Symbol Minded

At least Inferno brings some goofiness to its absurd plot.

Fall Flicks

Our picks for the "awards season" movies most worth getting excited about.

Making a Statement

American Honey offers a terrific slice of life, whenever it's not trying too hard.

New Eyes

The story behind the story inevitably changes how you see The Birth of a Nation.
What had been the tale of self-financed passion project about incendiary real-life events became more about the events of Parker's own life

Real Disaster

Deepwater Horizon feels trapped between tragic facts and genre conventions.
And like melodrama of all kinds, they're about emotions writ large—love and hate, life and death—with little space for nuance or subtlety.

True West

The Magnificent Seven returns to much-needed territory of Western heroism.
The Magnificent Seven isn't even remaking something that was original itself, since John Sturges' 1960 film was an American re-telling of Akira Kurosawa's 1954 Seven Samurai.

Scratch That

Bridget Jones's Baby feels almost proudly stuck in another era.
The joke is on movies employing obvious indicators that wacky things are afoot, but it's an idea that seems more like urban legend than reality.

The Parents Are All Wrong

What box-office results for 2016 family films tell us about the movies kids see.
In the case of kid-oriented films, the numbers depend on parents responding to their kids responding to that media campaign.

Another Boyhood

Morris from America offers a charming expatriate take on coming of age.
This is a slight, pleasant coming-of-age comedy, offering smiles and warm fuzzies

Boxer Rebellion

Hands of Stone can't carve out a distinctive space among boxing biopics.
Here's a relatively inexperienced Venezuelan filmmaker, with his first American theatrical feature release, inviting comparison with a classic.

Go Quest, Young Man

Kubo and the Two Strings celebrates the power of storytelling.
In the central plaza of a seaside Japanese village many years in the past, a young one-eyed boy named Kubo (Art Parkinson) is surrounded by an enraptured audience.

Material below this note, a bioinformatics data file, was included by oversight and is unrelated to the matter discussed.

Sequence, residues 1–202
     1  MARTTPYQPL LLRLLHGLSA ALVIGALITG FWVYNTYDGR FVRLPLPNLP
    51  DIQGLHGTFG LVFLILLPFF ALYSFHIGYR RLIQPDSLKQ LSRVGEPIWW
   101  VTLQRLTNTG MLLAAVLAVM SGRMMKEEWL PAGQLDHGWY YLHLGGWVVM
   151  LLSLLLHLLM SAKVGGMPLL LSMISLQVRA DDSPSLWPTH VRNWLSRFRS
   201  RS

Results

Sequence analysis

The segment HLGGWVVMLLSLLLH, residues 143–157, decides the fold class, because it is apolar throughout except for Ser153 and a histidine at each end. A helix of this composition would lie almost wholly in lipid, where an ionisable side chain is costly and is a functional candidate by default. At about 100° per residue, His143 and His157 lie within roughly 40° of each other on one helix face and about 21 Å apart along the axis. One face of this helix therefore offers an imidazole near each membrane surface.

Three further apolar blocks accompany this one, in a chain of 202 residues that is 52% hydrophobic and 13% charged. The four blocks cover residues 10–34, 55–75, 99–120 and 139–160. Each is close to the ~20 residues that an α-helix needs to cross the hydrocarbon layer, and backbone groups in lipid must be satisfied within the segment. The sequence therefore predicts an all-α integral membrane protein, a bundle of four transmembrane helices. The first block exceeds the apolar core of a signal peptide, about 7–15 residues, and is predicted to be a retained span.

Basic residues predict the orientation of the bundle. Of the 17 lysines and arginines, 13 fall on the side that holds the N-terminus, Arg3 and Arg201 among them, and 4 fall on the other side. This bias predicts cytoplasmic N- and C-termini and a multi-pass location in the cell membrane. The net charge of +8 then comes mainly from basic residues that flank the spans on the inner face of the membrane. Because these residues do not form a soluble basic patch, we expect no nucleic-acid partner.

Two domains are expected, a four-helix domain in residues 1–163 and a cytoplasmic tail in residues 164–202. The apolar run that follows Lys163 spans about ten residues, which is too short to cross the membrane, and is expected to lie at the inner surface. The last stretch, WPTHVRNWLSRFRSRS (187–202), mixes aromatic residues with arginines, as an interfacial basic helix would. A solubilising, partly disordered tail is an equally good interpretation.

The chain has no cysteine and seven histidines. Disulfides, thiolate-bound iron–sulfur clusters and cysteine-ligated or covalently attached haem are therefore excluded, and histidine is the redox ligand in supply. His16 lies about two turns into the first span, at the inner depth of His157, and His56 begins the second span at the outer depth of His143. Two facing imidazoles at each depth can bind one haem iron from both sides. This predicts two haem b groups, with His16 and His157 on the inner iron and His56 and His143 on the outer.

Re-Pete Performance

Pete's Dragon makes for a charming improvement over the original.
Something interesting has happened with regard to Disney's remake of Pete's Dragon, or more precisely, something interesting hasn't happened: Nobody is crying bloody murder about it.

Villain the Blanks

DC tries too hard to play movie universe catch-up with Suicide Squad.
At the Hollywood premiere for Suicide Squad, writer/director David Ayer took up the rallying cry suggested by a fan in the audience, and let loose with a hearty, "Fuck Marvel!"

Bourne Again

Jason Bourne is back, but it's not clear why.
But it feels less black ops than old hat, like we've been here before.

A Load of Scrat

Ice Age: Collision Course continues a franchise only because it can.
Even though there have been far worse films in 2016, this one ate at my gut.

R We There Yet?

Mike and Dave Need Wedding Dates is another "adult" comedy that could stand to grow up a little.
But how does this serve a comedy's ostensible goal of being, you know, funny?

Kid Stuff

Steven Spielberg's gifts shouldn't be taken for granted in The BFG.
The BFG may never be counted among Spielberg's greatest triumphs, but it shouldn't have to be, not when its own distinctive pleasures are just sitting there in front of you.

On the Surface

The Neon Demon showcases its director's superficial talents, for better or worse.
Whatever notions Refn might be flirting with about female beauty ain't exactly ground-breaking


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